Sunday, July 28, 2013

Civil War Sunday - Sam Houston and the Prophetic Speech

Many know him only through the name of Houston, Texas, one of the largest cities in the United States.  Fewer know the history of this man Sam Houston, who was the elected governor of two states (Tennessee and Texas) and the only governor to ever be a foreign head of state (the President of the Republic of Texas, before it became the state of Texas.)

Governor Houston, a slave owner who opposed abolition, lost his office on the eve of the Civil War when Texas voted to secede from the Union and join the Confederacy.  Houston refused to take an oath of loyalty to the Confederacy and was evicted from office on March 16, 1861.  The War Between the States began barely a month later.

Again - few things in this war that tore our country apart for four years are clear cut, and, perhaps, that is what fascinates me the most about it.

This January, when the 2013 calendars went on clearance, I picked up a Civil War calendar for my office desk.  Each day has a different event connected to the Civil War.  One day, they featured a portion of a speech Houston gave from a hotel window on April 19, 1861:
“Let me tell you what is coming. Your fathers and husbands, your sons and brothers, will be herded at the point of bayonet. You may, after the sacrifice of countless millions of treasure and hundreds of thousands of lives, win Southern independence... but I doubt it. I tell you that, while I believe with you in the doctrine of states rights, the North is determined to preserve this Union. They are not a fiery, impulsive people as you are, for they live in colder climates. But when they begin to move in a given direction, they move with the steady momentum and perseverance of a mighty avalanche... they will overwhelm the South.”
Sadly, Houston was proved correct, some 620,000 casualties later.  In some ways, our country has never recovered.

Sam Houston died 150 years ago this week - July 26, 1863, in Huntsville, Texas, in the Confederate States of America, and is buried there.  A 77 foot statue of Sam Houston there is considered to be the second tallest free standing sculpture in the United States.  Only the Statue of Liberty is taller.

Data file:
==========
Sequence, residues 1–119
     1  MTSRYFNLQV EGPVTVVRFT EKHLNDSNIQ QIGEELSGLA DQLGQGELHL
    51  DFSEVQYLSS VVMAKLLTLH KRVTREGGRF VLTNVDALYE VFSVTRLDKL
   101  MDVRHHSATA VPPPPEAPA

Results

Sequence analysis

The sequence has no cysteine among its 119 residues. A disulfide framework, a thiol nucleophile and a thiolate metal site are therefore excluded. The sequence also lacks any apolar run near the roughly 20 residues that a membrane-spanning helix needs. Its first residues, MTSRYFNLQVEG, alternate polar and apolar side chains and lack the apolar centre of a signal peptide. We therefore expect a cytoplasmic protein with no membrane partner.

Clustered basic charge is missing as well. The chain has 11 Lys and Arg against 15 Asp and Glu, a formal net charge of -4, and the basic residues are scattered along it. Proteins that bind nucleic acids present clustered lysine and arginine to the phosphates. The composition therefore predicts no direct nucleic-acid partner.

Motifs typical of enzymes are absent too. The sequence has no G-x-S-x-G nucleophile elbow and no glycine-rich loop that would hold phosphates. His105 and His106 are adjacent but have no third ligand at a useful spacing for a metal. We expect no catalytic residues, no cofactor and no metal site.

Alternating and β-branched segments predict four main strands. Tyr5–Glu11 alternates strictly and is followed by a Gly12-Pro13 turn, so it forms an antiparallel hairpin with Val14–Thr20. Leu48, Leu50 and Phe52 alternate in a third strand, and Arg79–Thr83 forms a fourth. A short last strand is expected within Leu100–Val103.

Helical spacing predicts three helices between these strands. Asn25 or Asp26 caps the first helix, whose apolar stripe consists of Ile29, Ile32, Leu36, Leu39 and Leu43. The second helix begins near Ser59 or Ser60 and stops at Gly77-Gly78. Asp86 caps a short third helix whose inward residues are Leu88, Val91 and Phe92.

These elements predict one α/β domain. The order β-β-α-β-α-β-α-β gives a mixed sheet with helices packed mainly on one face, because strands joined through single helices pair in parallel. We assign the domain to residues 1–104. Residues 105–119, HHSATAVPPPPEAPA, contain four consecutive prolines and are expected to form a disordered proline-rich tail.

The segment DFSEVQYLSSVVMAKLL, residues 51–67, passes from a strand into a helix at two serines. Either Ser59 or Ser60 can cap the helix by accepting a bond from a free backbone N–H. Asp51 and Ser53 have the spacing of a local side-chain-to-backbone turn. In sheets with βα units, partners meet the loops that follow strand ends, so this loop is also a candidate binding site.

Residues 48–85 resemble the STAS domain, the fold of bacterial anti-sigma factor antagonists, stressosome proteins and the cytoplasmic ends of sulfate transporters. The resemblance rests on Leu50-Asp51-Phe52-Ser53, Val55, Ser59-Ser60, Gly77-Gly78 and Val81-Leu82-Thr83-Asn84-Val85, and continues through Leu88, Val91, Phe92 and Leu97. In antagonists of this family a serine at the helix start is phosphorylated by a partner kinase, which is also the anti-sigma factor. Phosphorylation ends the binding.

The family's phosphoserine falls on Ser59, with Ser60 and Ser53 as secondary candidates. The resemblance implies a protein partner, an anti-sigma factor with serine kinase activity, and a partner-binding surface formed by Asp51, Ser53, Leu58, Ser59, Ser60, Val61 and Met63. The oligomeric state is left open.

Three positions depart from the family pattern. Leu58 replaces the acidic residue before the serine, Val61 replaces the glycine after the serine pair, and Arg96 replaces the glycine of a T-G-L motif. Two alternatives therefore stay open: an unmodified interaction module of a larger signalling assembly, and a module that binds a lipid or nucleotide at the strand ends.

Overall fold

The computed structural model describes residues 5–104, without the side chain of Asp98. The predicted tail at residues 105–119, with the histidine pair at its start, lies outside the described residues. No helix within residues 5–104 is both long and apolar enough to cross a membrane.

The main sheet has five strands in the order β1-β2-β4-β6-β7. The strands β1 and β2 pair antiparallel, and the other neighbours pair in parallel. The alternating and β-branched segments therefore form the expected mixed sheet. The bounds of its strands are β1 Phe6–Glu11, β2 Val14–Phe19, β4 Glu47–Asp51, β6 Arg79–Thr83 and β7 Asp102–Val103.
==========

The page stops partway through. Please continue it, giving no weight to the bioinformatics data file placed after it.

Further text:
Texas is a fascinating place - I lived there briefly many years ago.  Texans liked to say that "everything is bigger in Texas."  With Sam Houston, they were right.


6 comments:

  1. Wow, that was very interesting, and I'm not even a U.S citizen... :)
    Thanks for sharing! I especially love those little anecdotes :)

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    1. I'm glad you enjoyed it. I do hope to make history interesting because, so many times in my youth, history was never presented in an interesting way.

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  2. Thanks for this part of American history. I hadn't read about that before (but then I'm not American).

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    1. No, I hadn't even heard of this speech, not until it was the "fact of the day" on a Civil War daily calendar I purchased this year. I've learned some amazing things from that desk calendar.

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  3. Texas is a state I'd realllly like to visit. Their passion about their state is similar to South Carolina's. Probably even more so. Did not know about the large statue or that SH was head of a foreign state. Very interesting. And, yes indeed, very prophetic words.

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  4. Three quick points:

    First, it is interesting that Sam's political strength wasn't in the South. We think of him in Texas terms but he was a national figure. The one time he allowed his name to be placed in nomination for the U.S. Presidency half of his votes came from New York. He used to travel up through the Ohio Valley and New England every winter giving speeches which were wildly popular. He was seen by those in the North as a Southerner who wasn't a hot-head. That didn't win him any friends in the South but it made him a viable national candidate.

    Second, in 1854, a full seven years before the quote you cited, he told Rufus Burleson (one of the founders of Baylor University) that "In two years the free-soilers and the abolitionists will get together and form a new political party, and in 1860 they will elect the president. When that happens the South will secede and there will be war." He said that both sides would predict a quick victory, but "…what fields of blood, what scenes of horror ...it will be brother murdering brother… I see my beloved South going down in the unequal contest, in a sea of blood and smoking ruin." He went on to add this jaw dropping prediction about the North: that it "will reap a bitter harvest of assassination."

    Finally, the statue in Huntsville is 67 feet tall, not 77. (Although Houston himself would have never corrected the error!)

    ** I hope you don't consider this to be an advertisement, but James L. Haley's biography on Sam Houston is absolutely top shelf. He also wrote the script for the new 3-hour documentary on Houston's life that is playing on PBS.

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